The most pressing challenge facing South Africa at the moment is the need to build a capable state, says President Cyril Ramaphosa, following his recent trip to the Northern Cape.
“Walking through the streets of Kimberley and other towns in the Northern Cape a fortnight ago drove home the point that if we are to better the lives of South Africans, especially the poor, we need to significantly improve the capacity of the government that is meant to improve their lives,” he said in his weekly newsletter to the nation on Monday.
“It was disheartening to see that, despite progress in many areas, there were several glaring instances of service delivery failures. Many of the places we visited struggle to provide social infrastructure and services simply because they have such a small revenue base. But, in some cases, elected officials and public servants have neglected their responsibilities.”
He said that a common feature in most of these towns, which is evident throughout all spheres of government, is that the state often lacks the necessary capacity to adequately meet people’s needs.
Ramaphosa acknowledged that the achievement of such a state was undermined by weak implementation.
“Poor coordination and alignment between departments and lack of effective oversight has meant that policies and programmes have not had the necessary impact on people’s lives.”
He said his administration had prioritised the task of building a capable state.
Much of this work was happening behind the scenes, ensuring that policies were aligned, processes were streamlined, technology was effectively deployed, budgets were adhered to and programmes were properly monitored and evaluated.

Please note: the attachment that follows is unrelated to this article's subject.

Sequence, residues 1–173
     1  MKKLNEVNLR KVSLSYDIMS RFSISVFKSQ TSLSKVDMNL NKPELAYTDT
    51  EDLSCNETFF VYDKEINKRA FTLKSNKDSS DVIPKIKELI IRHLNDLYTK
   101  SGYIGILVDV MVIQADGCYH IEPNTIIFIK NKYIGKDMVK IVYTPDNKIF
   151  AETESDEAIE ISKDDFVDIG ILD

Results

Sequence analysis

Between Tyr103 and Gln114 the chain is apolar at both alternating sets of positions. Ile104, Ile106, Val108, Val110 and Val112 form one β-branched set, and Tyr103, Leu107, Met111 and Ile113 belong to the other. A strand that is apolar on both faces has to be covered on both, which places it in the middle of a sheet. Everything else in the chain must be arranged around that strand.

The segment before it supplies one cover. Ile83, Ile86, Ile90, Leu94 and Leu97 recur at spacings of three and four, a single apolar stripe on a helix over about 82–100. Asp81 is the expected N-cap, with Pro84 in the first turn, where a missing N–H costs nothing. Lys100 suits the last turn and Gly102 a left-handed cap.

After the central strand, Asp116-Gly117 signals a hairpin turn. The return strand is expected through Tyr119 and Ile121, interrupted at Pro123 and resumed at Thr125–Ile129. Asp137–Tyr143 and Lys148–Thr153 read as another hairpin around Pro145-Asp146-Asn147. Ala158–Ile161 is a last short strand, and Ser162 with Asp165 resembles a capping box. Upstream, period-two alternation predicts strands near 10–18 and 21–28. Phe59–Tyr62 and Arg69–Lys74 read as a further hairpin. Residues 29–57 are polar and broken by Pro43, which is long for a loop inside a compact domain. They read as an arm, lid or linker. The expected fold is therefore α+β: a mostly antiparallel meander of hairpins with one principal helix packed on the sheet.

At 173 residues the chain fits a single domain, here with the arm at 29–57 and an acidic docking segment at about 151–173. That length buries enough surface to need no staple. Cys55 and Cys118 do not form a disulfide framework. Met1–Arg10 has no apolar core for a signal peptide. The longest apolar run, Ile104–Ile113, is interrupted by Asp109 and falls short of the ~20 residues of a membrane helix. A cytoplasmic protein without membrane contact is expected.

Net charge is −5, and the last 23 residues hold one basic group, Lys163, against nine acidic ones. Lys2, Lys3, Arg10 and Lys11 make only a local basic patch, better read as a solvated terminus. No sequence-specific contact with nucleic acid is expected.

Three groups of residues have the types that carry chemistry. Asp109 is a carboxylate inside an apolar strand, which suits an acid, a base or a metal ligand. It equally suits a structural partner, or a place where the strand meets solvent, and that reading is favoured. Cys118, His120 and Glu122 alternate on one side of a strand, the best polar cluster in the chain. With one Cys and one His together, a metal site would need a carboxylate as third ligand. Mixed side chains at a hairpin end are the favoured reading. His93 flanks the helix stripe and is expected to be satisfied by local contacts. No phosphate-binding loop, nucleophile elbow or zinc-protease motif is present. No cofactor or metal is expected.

“A capable state starts with the people who work in it,” he said.
“Officials and managers must possess the right financial and technical skills and other expertise. We are committed to end the practice of poorly qualified individuals being parachuted into positions of authority through political patronage. There should be consequences for all those in the public service who do not do their work.”
He said that a capable state also meant that state owned enterprises needed to fulfil their mandates effectively and add value to the economy.
“State companies that cannot deliver services – such as during load-shedding – or that require continual bailouts – such as SAA – diminish the capacity of the state. That is why a major focus of our work this year is to restore our state-owned entities to health.
“We will do this by appointing experienced and qualified boards and managers. We will be clarifying their mandates, and give them scope to execute those mandates.”
Ramaphosa believed that the district-based delivery model would ensure that no district would be left behind.
He hailed is as a break from the “silo” approach, where different parts of government operate separately from each other.
“This aims to produce a single, integrated district plan in line with the vision of: ‘One District, One Plan, One Budget, One Approach’. It will give us a clearer line of sight of what needs to be done, where, how and with what resources. By pooling resources, by focusing on projects that directly respond to community needs, and by setting delivery targets on a district-by-district basis, we will be able to better meet our people’s needs.”
Ramaphosa acknowledged that this would not happen overnight.
“Much of the work will not be immediately apparent. But as we make progress, people will notice that the government does things faster.”